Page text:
There is a distinction between a static type and a dynamic type. The static type of a variable is the type used in its declaration. The dynamic type of a variable is the type used in the "new" expression.

There is also a distinction between assignment compatibility and being of exactly the same types. Two expressions are assignment compatible if the static type of the lvalue is (a superclass (recursively)) of the static type of the rvalue. Assignment compatibility is used for the assignment statement, call-by-value parameter passing, and function value returning. For call-by-reference parameter passing, the types must be exactly the same (as well as for arrays of objects.)

"new" identifier

This expression creates an object of static and dynamic type identifier. identifier must be declared by a class declaration. If there is no heap space for a new object, a runtime error occurs. The newly created object should be properly initialized, with all member variables set to their default initialization value.

"delete" expression ";"

The semantics of a delete-statement has been redefined as deleting a class object or an array object. The reference must have been obtained by a new expression, although deleting a "null" value is allowed. Runtime behavior is undefined if an object is deleted more than once.


"self" is a reference to the object currently being invoked. It may not be used outside a method. Its static type is a reference to the class that contains the method. Its dynamic type is determined at object creation time. It is not an lvalue.


The meaning of the "null" expression has been redefined. "null" denotes a null reference to either an array of any type or any class. It is not an lvalue.

expression$_1$ "." qualident

[ identifier$_1$ "::" ] identifier$_2$

The dot-operator is used to select a member of an object. The precedence level and associativity are the same as for the index operator "[]" and function call "()". expression$_1$ must be of any class type. The program behavior is undefined if expression$_1$ equals "null" or has been deleted.

If identifier$_1$ is specified, it must be the same class as the static type of expression$_1$, or one of its superclasses (recursively). The qualification operator "::" binds stronger than the dot-operator. Name resolution for identifier$_2$ starts in identifier$_1$, or in the static type of expression$_1$ if identifier$_1$ is not specified. If identifier$_2$ is not declared in that class, and the class has a superclass, identifier$_2$ is searched for in its superclass (recursively). It is a compile-time error if identifier$_2$ is not declared in any of its (super)classes.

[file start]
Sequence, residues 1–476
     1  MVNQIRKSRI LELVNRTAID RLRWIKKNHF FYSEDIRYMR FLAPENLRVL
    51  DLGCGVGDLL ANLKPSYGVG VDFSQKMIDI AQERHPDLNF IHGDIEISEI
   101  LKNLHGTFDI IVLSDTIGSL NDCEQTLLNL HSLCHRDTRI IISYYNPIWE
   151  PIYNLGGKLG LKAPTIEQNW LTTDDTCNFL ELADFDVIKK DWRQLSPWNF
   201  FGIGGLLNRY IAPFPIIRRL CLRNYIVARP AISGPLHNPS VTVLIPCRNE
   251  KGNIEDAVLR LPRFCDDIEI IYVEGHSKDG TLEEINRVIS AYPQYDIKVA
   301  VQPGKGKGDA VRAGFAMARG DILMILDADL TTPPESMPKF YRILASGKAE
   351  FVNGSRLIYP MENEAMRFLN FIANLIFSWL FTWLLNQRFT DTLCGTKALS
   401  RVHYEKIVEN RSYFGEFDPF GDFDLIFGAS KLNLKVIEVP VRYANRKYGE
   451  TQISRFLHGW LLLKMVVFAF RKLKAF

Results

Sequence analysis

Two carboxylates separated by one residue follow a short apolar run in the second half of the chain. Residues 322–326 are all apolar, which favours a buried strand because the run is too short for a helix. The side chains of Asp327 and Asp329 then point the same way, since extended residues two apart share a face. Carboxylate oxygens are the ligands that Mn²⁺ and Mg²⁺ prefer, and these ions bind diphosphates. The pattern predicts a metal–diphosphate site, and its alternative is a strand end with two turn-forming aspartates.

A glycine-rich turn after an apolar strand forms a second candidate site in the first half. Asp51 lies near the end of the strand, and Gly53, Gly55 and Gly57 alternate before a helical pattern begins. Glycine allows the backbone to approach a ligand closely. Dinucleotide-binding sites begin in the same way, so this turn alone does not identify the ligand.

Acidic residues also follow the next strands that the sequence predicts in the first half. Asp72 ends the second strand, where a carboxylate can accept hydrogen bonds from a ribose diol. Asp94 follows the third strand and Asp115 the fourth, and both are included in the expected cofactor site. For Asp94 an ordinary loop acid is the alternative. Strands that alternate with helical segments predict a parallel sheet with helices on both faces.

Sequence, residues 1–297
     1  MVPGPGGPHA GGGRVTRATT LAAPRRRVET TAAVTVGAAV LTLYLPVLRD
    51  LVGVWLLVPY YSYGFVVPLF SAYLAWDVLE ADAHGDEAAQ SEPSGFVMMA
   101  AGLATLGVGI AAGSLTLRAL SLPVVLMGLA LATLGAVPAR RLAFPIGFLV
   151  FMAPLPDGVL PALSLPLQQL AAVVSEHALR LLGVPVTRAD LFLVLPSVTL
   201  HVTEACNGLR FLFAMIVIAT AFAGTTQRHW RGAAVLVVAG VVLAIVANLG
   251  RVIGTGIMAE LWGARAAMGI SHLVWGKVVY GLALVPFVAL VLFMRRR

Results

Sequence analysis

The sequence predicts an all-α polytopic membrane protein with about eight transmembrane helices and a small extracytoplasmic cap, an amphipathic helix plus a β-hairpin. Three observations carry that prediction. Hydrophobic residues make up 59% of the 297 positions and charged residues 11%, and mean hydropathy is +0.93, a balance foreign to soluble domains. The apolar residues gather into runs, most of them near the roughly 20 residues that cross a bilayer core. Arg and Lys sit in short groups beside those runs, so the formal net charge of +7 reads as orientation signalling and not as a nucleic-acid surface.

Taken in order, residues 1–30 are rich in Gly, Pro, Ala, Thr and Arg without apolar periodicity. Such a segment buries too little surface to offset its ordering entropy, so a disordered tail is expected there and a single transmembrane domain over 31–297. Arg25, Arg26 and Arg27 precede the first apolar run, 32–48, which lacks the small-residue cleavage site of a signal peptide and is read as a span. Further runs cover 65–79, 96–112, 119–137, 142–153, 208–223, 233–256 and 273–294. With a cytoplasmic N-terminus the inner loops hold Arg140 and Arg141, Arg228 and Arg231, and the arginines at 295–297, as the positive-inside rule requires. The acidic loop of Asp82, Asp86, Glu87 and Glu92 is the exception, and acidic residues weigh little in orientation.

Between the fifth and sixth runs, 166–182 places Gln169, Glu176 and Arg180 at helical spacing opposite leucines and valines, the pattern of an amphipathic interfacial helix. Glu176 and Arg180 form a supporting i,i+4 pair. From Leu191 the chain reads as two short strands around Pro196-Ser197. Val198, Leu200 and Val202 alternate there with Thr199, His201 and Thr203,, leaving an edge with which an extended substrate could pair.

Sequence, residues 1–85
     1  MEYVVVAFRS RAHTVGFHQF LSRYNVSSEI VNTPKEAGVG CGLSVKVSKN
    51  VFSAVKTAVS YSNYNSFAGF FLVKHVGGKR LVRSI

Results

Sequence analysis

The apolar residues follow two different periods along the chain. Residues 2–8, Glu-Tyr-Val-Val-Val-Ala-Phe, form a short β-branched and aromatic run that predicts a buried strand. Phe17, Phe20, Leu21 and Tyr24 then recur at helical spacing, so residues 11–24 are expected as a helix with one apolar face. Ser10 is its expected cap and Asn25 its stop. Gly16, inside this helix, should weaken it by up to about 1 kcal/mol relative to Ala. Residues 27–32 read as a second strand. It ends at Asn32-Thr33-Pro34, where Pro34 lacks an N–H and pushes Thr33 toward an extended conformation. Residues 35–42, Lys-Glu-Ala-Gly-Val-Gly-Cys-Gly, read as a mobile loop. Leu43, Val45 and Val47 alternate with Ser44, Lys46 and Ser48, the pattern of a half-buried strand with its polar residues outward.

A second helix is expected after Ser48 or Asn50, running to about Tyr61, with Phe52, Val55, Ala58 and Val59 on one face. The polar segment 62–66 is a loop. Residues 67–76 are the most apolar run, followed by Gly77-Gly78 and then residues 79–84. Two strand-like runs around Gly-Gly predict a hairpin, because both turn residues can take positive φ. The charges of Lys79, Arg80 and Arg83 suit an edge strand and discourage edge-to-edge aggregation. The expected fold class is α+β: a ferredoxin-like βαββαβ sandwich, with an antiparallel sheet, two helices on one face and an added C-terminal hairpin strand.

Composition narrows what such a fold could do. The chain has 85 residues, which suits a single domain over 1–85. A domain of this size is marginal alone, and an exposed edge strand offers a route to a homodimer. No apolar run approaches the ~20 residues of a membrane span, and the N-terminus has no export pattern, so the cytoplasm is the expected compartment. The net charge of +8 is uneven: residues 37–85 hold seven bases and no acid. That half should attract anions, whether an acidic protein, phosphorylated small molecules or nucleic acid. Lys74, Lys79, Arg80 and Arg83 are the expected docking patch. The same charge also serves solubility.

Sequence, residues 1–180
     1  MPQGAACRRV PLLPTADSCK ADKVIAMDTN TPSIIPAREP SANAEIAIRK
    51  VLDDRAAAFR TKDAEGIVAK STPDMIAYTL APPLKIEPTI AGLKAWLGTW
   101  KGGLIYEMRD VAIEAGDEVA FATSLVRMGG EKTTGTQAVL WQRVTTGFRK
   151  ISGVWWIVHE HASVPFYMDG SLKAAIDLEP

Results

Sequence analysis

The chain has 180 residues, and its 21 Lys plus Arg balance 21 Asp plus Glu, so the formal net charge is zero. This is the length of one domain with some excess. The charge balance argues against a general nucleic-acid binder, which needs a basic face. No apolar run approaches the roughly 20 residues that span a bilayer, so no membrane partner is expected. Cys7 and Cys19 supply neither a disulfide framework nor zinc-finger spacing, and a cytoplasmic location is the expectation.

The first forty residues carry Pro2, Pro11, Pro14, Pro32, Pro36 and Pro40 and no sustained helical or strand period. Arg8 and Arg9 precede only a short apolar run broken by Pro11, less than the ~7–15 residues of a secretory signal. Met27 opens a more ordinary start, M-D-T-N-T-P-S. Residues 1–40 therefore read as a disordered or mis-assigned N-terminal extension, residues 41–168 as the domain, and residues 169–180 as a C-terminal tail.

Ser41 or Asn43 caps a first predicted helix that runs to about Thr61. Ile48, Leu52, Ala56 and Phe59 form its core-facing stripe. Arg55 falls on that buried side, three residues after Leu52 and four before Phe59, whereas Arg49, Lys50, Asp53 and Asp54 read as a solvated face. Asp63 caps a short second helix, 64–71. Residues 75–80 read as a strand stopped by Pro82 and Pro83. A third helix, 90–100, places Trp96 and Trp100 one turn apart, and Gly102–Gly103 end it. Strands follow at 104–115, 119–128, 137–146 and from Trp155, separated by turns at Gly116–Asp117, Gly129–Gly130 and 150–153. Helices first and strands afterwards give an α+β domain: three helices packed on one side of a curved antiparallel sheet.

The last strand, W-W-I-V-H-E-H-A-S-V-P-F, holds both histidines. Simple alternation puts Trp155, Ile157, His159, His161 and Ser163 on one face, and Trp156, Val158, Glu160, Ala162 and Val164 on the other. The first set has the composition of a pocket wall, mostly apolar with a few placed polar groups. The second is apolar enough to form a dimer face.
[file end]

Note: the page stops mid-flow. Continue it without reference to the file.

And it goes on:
Binding is dynamic if identifier$_2$ denotes a method and is not qualified with identifier$_1$. If identifier$_2$ denotes a member variable, or is qualified with identifier$_1$, binding is static. The difference between static and dynamic binding has consequences for the method being invoked. If B is a subclass of A and overrides method m, object obj has static type A and dynamic type B, then if obj.m() is specified, the method defined in class B is invoked; if obj.A::m() is specified, the method defined in class A is invoked.

For convenience the following short-hand notation may be used within the context of a method:


it is semantically equivalent to "self""."qualident.

An example program is shown below.

(* Test function overriding *)
class A is
    function f() : int is return 1;
class B inherits A is
    function f() : int is return 2;
class C inherits B is
    function f() : int is return 3;
function main(argv : array of string) : int is
var obj : B;
    obj := new C;
    WriteString("Expect 3 : ");
    WriteInt(obj.f());            (* Note: obj.C::f() is not allowed *)
    WriteString("Expect 2 : ");
    WriteString("Expect 1 : ");
    delete obj;

    return 0;

K.G. Langendoen 2007-11-09